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Monday, December 29, 2008

Some blind Sauvignons, a 30 year old Tawny and a 35 year old Claret

A family lunch at my sister's place in Gerrards Cross. Brother-in-law Beavington is a bit of a wine nut so we usually do some blind tasting, and befitting our give and take relationship (I do the taking part), he provides the wines. The tasting was a little scaled down this time in view of the credit crunch (although he is one of the few bankers who still have jobs) and also the fact that several of the party were ill. And I was driving.

Anyway, we started with three Sauvignons, and then did a really nice Tawny port and an old Claret from a slightly dodgy year. Great stuff.

Dog Point Sauvignon Blanc 2006 Marlborough, New Zealand
This is tight, crisp and minerally with some limey fruit and grassy notes, as well as a bit of residual sugar adding roundness. Real purity and focus here - it's almost like a Riesling. 90/100

Cloudy Bay Sauvignon Blanc 2007 Marlborough, New Zealand
Fresh, herby, grassy nose. The palate is lean with high acidity. This is an acidic Sauvignon with some minerality. An averagely good Marlborough Sauvignon, which is surprising considering its fame. 87/100

Dog Point Vineyard Section 94 Sauvignon Blanc 2006 Marlborough, New Zealand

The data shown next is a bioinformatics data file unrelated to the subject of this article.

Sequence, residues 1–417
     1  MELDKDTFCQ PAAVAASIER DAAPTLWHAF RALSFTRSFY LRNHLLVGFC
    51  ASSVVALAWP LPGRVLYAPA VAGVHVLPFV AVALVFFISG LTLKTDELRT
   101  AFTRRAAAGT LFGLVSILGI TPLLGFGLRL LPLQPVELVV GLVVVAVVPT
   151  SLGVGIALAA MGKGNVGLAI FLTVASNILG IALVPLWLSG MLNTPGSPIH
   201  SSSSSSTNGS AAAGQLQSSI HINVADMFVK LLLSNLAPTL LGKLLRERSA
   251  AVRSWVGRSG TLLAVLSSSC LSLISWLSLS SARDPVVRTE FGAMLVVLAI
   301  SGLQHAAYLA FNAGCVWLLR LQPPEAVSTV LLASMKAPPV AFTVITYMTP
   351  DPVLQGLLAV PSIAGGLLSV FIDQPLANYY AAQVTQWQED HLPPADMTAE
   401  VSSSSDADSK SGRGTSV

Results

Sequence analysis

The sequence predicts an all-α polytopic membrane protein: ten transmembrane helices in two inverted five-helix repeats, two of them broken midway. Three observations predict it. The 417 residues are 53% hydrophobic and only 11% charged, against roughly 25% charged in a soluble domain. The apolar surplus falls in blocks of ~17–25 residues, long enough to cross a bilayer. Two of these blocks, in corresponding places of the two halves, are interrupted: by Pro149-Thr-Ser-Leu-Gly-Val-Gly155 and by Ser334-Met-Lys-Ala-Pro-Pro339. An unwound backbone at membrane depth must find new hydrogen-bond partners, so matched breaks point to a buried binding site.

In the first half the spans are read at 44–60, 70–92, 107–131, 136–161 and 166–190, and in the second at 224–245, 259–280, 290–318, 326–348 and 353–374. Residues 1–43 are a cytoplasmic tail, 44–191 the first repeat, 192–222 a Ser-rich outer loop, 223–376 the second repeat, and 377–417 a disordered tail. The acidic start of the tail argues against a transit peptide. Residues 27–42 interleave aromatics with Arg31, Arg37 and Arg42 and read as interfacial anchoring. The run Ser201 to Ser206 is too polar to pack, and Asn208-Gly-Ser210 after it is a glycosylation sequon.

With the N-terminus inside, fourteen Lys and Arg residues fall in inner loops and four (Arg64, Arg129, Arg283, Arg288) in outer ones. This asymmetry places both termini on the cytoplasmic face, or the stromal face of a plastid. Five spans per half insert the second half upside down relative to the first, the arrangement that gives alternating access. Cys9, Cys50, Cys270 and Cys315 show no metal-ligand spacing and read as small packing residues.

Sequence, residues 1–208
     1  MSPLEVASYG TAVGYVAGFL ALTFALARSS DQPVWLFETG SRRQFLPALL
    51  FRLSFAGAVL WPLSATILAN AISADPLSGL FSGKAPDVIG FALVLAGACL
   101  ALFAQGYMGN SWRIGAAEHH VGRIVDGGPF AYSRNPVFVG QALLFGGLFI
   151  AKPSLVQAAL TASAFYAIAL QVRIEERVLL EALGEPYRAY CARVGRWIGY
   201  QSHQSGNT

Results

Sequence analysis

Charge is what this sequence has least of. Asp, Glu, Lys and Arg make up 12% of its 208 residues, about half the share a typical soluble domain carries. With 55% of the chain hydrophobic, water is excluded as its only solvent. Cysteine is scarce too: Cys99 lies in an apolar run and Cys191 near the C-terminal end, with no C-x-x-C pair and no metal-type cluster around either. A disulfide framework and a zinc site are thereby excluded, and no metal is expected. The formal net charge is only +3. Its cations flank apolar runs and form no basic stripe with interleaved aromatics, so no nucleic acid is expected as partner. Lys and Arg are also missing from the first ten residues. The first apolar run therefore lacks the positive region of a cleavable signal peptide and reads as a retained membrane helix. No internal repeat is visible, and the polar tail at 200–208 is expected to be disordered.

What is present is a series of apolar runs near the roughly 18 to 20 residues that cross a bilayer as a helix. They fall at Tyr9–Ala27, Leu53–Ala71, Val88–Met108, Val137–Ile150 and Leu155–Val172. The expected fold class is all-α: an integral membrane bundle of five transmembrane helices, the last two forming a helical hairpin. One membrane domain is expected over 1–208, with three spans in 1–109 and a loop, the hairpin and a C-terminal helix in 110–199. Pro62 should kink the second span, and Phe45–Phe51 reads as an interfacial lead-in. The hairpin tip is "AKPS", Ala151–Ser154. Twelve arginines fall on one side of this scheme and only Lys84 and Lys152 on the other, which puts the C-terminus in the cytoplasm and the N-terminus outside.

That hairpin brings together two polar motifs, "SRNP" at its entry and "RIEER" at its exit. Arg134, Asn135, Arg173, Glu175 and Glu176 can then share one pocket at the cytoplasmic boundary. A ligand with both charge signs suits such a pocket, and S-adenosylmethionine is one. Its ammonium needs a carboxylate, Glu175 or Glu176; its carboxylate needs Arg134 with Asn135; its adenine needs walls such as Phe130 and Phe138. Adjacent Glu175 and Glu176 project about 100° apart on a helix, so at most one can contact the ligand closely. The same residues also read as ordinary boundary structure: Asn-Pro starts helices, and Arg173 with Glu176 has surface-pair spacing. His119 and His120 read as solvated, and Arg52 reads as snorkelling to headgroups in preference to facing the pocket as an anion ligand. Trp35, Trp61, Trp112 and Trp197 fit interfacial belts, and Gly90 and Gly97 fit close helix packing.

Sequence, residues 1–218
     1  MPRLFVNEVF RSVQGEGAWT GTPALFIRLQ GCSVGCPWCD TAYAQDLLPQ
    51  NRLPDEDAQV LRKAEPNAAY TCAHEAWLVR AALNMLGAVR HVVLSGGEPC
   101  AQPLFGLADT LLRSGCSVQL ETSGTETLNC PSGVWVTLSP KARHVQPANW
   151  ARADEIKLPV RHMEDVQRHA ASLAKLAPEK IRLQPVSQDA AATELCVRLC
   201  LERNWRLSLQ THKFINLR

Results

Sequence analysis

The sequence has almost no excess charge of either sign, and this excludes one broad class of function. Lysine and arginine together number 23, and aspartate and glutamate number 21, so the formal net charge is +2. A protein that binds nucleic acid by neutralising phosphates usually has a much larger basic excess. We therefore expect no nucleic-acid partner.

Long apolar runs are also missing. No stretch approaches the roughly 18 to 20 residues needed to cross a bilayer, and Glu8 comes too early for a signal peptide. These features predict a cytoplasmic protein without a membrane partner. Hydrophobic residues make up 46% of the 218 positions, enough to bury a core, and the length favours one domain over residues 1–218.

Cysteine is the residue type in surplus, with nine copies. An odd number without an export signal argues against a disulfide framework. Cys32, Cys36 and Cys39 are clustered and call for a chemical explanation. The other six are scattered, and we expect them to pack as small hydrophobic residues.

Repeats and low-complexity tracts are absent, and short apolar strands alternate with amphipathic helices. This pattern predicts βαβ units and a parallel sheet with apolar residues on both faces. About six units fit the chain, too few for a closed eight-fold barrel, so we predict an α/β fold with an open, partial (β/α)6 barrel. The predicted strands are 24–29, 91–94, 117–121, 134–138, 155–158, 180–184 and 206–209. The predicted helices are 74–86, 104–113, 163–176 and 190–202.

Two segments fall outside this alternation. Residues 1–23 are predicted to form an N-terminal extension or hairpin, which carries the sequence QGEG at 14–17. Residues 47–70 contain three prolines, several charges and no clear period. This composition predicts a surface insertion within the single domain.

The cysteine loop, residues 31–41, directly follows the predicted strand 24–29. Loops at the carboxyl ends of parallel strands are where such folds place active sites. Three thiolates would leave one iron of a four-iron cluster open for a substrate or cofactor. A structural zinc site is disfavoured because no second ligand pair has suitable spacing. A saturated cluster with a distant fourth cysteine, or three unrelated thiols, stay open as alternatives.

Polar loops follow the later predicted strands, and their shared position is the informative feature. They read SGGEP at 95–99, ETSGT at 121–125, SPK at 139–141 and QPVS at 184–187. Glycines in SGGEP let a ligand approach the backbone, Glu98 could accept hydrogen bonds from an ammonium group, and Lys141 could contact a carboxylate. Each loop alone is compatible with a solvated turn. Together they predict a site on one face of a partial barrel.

Remarkable stuff, vinified with a bit of oak, although it's not an oaky wine. Stongly herbal, aromatic nose with bright grassy fruit and some grapefruit and citrus pith notes. Pungent, intense palate with a tangerine peel edge to the grassy fruit. I had this down as a high-end Bordeaux Sauvignon Blanc - quite unlike anything else I've had from New Zealand. 92/100

Chateau Lynch Bages 1973 Pauillac, Bordeaux
This is a fully mature, savoury Bordeaux with some soy notes joining the earth, spice and red fruit character. Tastes like old wine, but there's still some interest and life here. Savoury and bone dry with high acidity. Drinking quite well, but don't hold on to this any longer, because it's fading fast. 83/100

Sandeman 30 Year Old Tawny Port
Beautifully complex and intense with amazingly complex nutty, citrussy, woody notes combining together brilliantly. Superb with amazing acidity and complexity. Beautiful. 94/100

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Thursday, December 25, 2008

Christmas day, and modest excess is in order

It has been a delightful Christmas day in the Goode household. We were woken just before 7 am, which, when you have kids, almost counts as a lie-in. After an hour or so of opening presents from Santa's sacks, it was time for breakfast, then walking the dog, followed by Church, followed by presents round the tree. Then it was time for lunch. We were joined by Fiona's mum (Patsy), her husband Fred, and Fred's American niece Maeve.

We did the traditional turkey thing, and it was delicious. To match, I opened a range of bottles. Two Champagnes to start: Bollinger NV (widely available, c. £32) is a classic, with rich, bold, toasty flavours. Ayala Brut Majeur is more precise with lovely tight citrussy, toasty notes (M&S £19.99). Both are delicious, but if pushed I'd opt for the the Ayala.

For whites, we went with two. First, a Gobelsburg Gruner Veltliner 2007 Austria (£8 Waitrose), which is a deliciously bright Gruner with some richness and a hint of peppery character. This is a really good, affordable, versatile white. Second, a white Hermitage 2007 from Domaine du Colombier (another Bibendum sample), which is a perfect turkey match. It's rich and textured with ripe pear fruit and notes of honeysuckle and vanilla on the nose. Pretty serious stuff.